We got in the car to warm up and headed to a large reservoir down stream. It didn’t look promising, there weren’t any good spots to cast and it was very very cold. The warmest clothes I brought on this trip were a long sleeve shirt and a rain jacket. So you can imagine how freezing I was. So we made a collective decision to head back warm up, have breakfast then do another hike up to the wall.

So we did, we hiked up a mountain near the farmhouse where the wall ran along the mountain’s horizon. We reached a point where the trail disappeared into the brush. We were already halfway up the mountain and Lee wanted to go back down and try to find the trail (he hadn’t been this route before, the owner of the farm house recommended it) Lee and I disagreed for a while, I really didn’t want to hike back down when the wall was 100 yard ahead. A little brush can’t be too bad. So Lee ended up wussing out while I made it to the top having no problem. It was nice because I got to spend about 15 minutes sitting on top of the Great Wall of China by myself. Remember this is the original great wall, most sections tourists visit are re-stored, and that’s why they look so perfect. Well this section hadn’t been touched for about 500 years.


Finally Lee made it to the top when…..


It started snowing!

Lee was way more excited than I was, and I was real excited. He explained that it never snow’s in April. He kept saying “we lucky.”


Then it started to snow really hard.


So then I started a snowball fight with Lee. It was pretty fun. I was in China on the Great Wall having a snowball fight with my new hiking buddy. Pretty sweet.

After we were soaked so our hosts had some dry clothes waiting for us.


Our hosts


They taught me how to make dumplings. It was obvious which ones were mine because all of them were perfectly put together then mine were all mangled and deformed. This jacket they gave me was probably the biggest they had. It was 9 XL, yea that’s XXXXXXXXXL, and it still was to small.


Once again they served us tons of food. It was great after a long wet hike.


This time we all were members of the clean plate club.

After the great lunch we said our goodbyes and headed back to Beijing. I checked into a very cheap but nice hotel that Lee recommended. We then found a place to eat dinner and after I said my goodbyes to Lee.

DAY 5

I flew to Qindao to meet the boat. It was the last night in China so we made some big plans to go big. So out of all the bars we could have gone to we decided to go to the New York Club. We came all the way to China to go to the New York Club. Personally I didn’t want to go but it was a group decision (I’m a team player)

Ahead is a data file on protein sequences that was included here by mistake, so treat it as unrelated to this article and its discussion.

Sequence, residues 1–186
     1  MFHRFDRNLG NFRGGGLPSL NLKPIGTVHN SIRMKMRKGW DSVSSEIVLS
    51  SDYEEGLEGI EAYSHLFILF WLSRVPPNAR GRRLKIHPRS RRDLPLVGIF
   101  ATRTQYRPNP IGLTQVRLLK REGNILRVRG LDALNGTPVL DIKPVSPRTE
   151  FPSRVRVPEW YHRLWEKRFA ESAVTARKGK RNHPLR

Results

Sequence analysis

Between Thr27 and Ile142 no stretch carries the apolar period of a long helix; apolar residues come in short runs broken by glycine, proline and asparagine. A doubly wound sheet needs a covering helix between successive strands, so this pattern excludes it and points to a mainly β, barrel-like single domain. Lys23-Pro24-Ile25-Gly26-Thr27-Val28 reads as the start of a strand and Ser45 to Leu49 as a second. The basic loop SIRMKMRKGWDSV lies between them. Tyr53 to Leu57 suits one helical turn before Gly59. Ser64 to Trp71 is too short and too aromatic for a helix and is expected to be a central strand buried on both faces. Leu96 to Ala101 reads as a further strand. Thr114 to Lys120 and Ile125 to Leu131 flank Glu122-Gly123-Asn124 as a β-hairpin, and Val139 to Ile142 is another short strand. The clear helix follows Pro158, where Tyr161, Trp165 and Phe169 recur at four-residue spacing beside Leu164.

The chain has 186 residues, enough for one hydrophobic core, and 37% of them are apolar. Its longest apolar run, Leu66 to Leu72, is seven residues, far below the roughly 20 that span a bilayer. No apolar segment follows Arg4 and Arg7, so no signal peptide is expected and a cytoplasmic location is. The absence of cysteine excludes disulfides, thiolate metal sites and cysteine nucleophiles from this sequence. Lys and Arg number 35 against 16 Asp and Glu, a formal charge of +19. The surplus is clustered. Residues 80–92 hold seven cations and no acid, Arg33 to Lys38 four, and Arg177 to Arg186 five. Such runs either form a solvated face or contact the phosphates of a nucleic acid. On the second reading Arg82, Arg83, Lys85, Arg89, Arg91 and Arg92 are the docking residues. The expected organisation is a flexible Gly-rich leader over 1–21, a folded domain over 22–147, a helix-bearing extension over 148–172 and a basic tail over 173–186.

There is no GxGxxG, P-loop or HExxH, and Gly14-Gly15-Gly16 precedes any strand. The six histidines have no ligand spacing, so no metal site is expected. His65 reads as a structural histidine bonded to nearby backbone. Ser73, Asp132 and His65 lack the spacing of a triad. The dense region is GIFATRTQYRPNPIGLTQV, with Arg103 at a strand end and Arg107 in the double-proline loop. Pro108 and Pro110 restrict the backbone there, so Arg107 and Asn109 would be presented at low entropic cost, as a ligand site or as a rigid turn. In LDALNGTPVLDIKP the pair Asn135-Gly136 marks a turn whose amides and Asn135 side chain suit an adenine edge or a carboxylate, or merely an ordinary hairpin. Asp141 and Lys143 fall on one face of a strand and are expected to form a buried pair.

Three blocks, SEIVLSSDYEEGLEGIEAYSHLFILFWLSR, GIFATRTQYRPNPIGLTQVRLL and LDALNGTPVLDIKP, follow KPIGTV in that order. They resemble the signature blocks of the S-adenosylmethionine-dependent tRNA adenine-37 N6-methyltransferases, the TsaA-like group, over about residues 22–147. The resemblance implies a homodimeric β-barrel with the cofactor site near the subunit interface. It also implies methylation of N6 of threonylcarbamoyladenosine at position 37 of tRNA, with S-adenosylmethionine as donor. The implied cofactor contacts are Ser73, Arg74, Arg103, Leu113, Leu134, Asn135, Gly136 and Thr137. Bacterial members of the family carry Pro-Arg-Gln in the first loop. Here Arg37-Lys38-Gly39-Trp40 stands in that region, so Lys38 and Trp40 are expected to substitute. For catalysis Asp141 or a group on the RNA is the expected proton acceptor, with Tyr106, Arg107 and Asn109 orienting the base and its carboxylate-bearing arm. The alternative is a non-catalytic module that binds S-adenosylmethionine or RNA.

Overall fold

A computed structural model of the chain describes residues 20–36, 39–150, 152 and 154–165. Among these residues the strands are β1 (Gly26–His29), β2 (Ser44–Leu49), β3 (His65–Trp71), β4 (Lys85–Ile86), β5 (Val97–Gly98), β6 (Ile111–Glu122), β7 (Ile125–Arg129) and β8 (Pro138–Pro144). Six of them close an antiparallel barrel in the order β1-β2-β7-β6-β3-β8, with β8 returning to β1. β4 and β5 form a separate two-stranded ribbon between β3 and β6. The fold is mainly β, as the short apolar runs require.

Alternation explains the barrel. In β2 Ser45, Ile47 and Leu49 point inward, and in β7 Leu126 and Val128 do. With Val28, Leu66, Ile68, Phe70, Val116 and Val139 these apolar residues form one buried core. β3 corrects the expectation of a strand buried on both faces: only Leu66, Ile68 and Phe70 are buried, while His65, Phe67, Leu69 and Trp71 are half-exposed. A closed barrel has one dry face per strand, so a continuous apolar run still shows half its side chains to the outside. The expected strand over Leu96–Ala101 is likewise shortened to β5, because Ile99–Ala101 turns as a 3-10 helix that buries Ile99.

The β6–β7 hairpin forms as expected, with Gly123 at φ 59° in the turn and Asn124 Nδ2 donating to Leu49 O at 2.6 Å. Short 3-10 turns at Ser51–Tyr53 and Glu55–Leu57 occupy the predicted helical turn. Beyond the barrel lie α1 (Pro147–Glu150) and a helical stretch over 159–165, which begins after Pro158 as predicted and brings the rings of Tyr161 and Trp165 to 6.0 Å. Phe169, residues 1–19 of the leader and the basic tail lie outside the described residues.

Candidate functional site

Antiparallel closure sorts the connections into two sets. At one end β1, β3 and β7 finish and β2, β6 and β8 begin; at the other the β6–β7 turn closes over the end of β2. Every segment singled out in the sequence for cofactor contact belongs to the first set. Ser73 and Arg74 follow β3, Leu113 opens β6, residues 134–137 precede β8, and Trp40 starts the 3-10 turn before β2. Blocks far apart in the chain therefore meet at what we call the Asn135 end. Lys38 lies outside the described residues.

I was a good choice, as soon as we walked in we saw that they had a live band and within minutes of sitting down we found out that they had a bottle deal, if you buy one you get one free. And the bottles were only 60 bucks. (Most bars they are like 200)


Devin (Lenny’s lost twin) with our 3 bottles. We found out that it was buy one get two free. Probably the sweetest deal in the world.


Ian told this dude that I played American Football. He said “you very big man” and took of his shirt and tried to compare muscles with me. It was hilarious; he had one to many buy one get two free bottles.


Once again a Chinese band that totally rocked. So much that these guys Jon and Dan (Jon and Dan were previously seen in Brazil, South Africa entry and Dan earlier in the tram) Moments later they did some stage diving.


And the usual crowd surfing and moshing. When this group of guys gets together we always end up in a mosh pit, and its always the most fun ever. We introduced it to the kids in Brazil and now to 2 sweet rock bands in China. They think we are crazy but we’re just having fun right?

After a long night of dancing and bar hoping we ended up at a little restaurant.


We had these awesome BBQ skewers that were real spicy.

We met some Korean dudes that taught English in China.


They were really cool and spoke good English. They ended up buying some beers and Ian claims they paid for our food, but I don’t remember.

DAY 6


To our surprise it was daylight when we came out of the restaurant. After comparing my taekwondo skills with the Koreans we headed back to the ship.


We were docked in an industrial area where Chinese men were shoveling rocks out of a train into these crates. At the end there was an empty crate and shovel. A China man must have taken the day off, so Ian and I filled in. They appreciated the help from us hard working Americans.

We spent the day walking around Qindao shopping and whatnot. It was freezing and I was wearing shorts and a t-shirt so I was on a search for something warm to buy, not to mention the endless stares and glares we got from everyone.


The Highlight of the day was a visit to the Tsingtao brewery. Blake and Vinny were wusses and didn’t want to do the tour so we just sat there and drank some beers. Germans settled in Qindao back in the day made a bunch of breweries then left. At least they left something good.

China is one of the most economically stable countries in the world, but at the same time they are depleting their resources rapidly. I found this out with the fishing. I think they need more regulations on development as well environmental programs to conserve and protect their natural resources. For such a big country to have only one natural river that isn’t damned in the whole country is a frightening thought. Hopefully something will be done soon.